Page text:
Talk to people they have sold to or built for and REALLY LISTEN… Read the blog by Ecuador George http://www.ecuadorgeorge.com/ecuador-real-estate/becauseIjust reallywant it. If the transactions are being made anywhere but Ecuador… you’re likely supporting illegal tax evasion. QUESTION IT… possible red flag
Rent before you buy or build… no you CANNOT build from another continent. If they say, You can trust us, no problem,’ QUESTION IT… possible red flag
Another one to add is If you think it will never happen to you QUESTION IT definite red flag! In Ecuador you will likely NOT get American standards… if they promise American standards…here good enough seems to be good enough – QUESTION IT… possible red flag.
Don’t listen to the “expert opinions” and sales pitches from organizations or web sites that are paid advertisements… they have no liability and frankly don’t care if their information is accurate… it’s a business. QUESTION IT… possible red flag
If you buy, research the process. Read http://www.southamericaliving.com/living-in-ecuador-how-to-buy-real-estate/ If the people or person giving you advice or telling you what it’s like to live in Ecuador does not or has never lived here… QUESTION IT possible red flag
If you are going to build, KNOW what a factura and RUC are… if your builder isn’t giving you either of them, QUESTION IT… possible red flag
How do you know they are honorable and trustworthy? Because they said so? QUESTION IT… possible red flag
If you are seeking any type of service don’t ask, “Can you do this job?” because they will all say, “Yes”. Many workers will say they can do it all -anything and everything from tiling, to cement work to electrical. Very different skills so QUESTION IT — possible red flag
Always, always ask for a detailed estimate of the work, including material and labour. Write a contract and even with all that sometimes they will get 90% of the work done and then not come back. Always hold back sufficient funds to make it worth their while to return. If that is not acceptable, QUESTION IT… possible red flag.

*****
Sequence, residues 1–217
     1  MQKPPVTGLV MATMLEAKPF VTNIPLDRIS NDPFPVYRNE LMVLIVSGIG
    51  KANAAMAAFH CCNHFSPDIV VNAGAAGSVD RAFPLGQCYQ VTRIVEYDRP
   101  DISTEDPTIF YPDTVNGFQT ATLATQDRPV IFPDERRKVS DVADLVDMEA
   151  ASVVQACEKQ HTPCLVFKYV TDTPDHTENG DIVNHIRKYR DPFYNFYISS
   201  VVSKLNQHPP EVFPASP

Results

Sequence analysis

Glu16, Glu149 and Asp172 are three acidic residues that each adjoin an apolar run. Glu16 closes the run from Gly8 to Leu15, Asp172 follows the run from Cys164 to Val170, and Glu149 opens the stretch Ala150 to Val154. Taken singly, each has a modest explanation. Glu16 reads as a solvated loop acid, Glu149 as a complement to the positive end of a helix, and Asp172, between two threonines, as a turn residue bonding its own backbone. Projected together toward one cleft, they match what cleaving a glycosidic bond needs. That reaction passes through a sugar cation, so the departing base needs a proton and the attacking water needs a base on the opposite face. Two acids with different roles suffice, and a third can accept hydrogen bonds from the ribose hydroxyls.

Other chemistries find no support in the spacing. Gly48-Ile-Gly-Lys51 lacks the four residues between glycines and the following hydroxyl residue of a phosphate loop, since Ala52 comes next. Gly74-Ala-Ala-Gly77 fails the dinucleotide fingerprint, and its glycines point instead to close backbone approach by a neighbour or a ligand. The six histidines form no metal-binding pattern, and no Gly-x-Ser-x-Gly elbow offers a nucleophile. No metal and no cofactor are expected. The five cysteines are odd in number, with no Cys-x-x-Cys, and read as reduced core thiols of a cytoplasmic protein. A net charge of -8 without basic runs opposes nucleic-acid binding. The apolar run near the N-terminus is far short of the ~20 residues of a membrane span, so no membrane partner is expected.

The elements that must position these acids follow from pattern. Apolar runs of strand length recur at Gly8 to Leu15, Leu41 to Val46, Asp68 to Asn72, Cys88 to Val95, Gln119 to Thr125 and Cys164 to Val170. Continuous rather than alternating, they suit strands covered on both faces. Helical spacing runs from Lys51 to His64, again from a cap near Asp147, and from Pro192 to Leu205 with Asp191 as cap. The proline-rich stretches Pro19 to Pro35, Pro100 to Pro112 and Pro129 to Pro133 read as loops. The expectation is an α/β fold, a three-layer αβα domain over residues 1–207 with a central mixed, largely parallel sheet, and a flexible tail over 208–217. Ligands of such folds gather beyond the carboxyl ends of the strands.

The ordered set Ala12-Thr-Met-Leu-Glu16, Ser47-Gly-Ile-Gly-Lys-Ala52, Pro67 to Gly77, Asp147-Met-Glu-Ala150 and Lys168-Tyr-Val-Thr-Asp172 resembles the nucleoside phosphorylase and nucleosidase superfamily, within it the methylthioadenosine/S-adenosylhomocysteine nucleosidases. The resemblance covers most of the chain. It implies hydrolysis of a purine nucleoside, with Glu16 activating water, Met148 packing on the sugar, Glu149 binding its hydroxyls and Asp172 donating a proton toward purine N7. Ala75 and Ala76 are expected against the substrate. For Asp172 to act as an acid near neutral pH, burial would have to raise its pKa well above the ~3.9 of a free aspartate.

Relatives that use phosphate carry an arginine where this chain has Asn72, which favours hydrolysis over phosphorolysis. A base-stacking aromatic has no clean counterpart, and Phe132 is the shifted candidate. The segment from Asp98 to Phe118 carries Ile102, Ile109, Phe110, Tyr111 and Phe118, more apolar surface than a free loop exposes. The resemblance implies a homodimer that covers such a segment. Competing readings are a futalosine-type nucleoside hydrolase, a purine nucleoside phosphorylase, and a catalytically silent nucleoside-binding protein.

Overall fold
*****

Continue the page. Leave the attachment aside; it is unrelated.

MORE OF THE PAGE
You will meet lots of people that seem to be nice, honest people. If you are building in a foreign country remember business is business and money is money. As the saying goes , Don’t mix business and pleasure…. if they try the buddy thing like they’re your pal, QUESTION IT… possible red flag and finally even in Ecuador wrong is wrong – even if everyone seems to be doing it; right is right even if no one seems to be doing it.
Be prepared for bad wiring or for fixtures to be placed in strange locations.
One must be there during all stages of building.
It’s better to speak up or have to forever hold your peace!
No down payments without proof of building permits!!
Title – No final payment until title is registered.
Roof – Be sure the builder guarantees a leak-proof roof.
What would you do differently? (Laughter or chuckles often preceded the reply) Do not trust ANYONE.
Do not expect North American Standards.
Do not make assumptions.
Ask if closets are included… or shower walls included!
“You have to be there during construction, and even then, YOU HAVE TO BE THERE.”
As soon as they say, ‘Trust me,” you’re in trouble. If they failed in their own country, why would they do any better here? Don’t buy into the story that they bought it so they could share with others their good fortune.
There are plenty of good guys out there with good business ethics; this post addressed when things go wrong. Now that the red flags have been waved, I welcome testimonials of what can go right in Latin America!